Elizabeth Blair

Elizabeth Blair is a Peabody Award winning, Senior Producer/Reporter on the Arts Desk of NPR News.

On a daily basis, she produces, edits and reports arts and cultural segments that air on NPR News magazines including Morning Edition and All Things Considered. Her recent stories explored the rise of public humiliation in popular culture, consumers' changing media habits and the intersection of the arts and education.

In this position that she has held since 2003, Blair's varied work has included profiles of actor Neil Patrick Harris, rapper K'Naan, and the band Pearl Jam. She has written and produced long-form documentaries on such cultural icons as Paul Robeson and Billie Holiday. Blair oversaw the production of some of NPR's most popular special projects including "50 Great Voices," the NPR series on awe-inspiring voices from around the world and across time in, and the "In Character" series which explored famous American fictional characters.

Over the years, Blair has received several honors for her work including two Peabody Awards and a Gracie.

For three and a half years, Blair lived in Paris, France, where she co-produced Le Jazz Club From Paris with Dee Dee Bridgewater, and the monthly magazine Postcard From Paris.

Copyright 2017 NPR. To see more, visit http://www.npr.org/.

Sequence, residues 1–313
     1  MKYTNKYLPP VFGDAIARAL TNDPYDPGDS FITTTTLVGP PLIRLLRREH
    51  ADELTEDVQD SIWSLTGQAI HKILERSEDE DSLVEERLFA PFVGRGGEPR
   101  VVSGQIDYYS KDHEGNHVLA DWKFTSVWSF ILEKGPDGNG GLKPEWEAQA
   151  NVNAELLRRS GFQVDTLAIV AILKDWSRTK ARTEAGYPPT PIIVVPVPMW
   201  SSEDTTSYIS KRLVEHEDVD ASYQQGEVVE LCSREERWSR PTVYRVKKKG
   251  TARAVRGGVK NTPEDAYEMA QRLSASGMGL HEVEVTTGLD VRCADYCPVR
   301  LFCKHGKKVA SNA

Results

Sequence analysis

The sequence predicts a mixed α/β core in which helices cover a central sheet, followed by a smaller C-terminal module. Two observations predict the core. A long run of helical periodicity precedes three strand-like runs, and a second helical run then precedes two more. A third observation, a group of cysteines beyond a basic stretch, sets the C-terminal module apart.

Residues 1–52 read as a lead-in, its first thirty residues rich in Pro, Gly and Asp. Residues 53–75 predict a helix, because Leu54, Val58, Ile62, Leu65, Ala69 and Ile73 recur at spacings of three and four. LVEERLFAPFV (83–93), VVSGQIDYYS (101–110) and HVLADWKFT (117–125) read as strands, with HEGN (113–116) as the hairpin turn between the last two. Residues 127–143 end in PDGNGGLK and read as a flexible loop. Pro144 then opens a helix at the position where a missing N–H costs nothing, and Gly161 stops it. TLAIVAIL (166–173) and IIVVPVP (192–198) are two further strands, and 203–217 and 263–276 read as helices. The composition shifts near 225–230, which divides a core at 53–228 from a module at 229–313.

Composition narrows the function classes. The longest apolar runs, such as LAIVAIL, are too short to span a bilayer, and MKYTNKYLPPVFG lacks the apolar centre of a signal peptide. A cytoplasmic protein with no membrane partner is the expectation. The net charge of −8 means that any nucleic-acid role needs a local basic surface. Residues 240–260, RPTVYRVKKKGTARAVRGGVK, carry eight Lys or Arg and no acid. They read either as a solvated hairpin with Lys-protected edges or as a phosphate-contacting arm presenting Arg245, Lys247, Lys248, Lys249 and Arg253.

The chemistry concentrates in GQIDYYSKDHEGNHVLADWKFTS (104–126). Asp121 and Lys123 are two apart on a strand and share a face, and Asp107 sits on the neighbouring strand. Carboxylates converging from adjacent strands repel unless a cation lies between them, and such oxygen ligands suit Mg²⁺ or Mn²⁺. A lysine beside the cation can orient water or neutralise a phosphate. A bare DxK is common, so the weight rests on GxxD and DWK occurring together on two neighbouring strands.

Copyright 2017 NPR. To see more, visit http://www.npr.org/.

ARI SHAPIRO, HOST:

A painting of a skull by Jean-Michel Basquiat broke records at Sotheby's last night. The work sold for more than $110 million. As NPR's Elizabeth Blair reports, that is the most ever for an American artist's work at auction.

Elmo and Big Bird have lots of experience teaching children everything from the ABCs to autism. Soon, they could be bringing smiles — and education — to millions of refugee children forced from their homes in Syria, Iraq and other war-torn countries.

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Jo Lampert is leading a new rock opera based on Joan of Arc. It's written by David Byrne of Talking Heads. It is Jo Lampert's biggest role yet. And as NPR's Elizabeth Blair reports, she seems born to play the part.

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During the Vietnam War, An-My Le lived with her family in Saigon in the southern part of the country. It was April 1975, the tense days before the city fell to the North Vietnamese, and there was a knock on the door.

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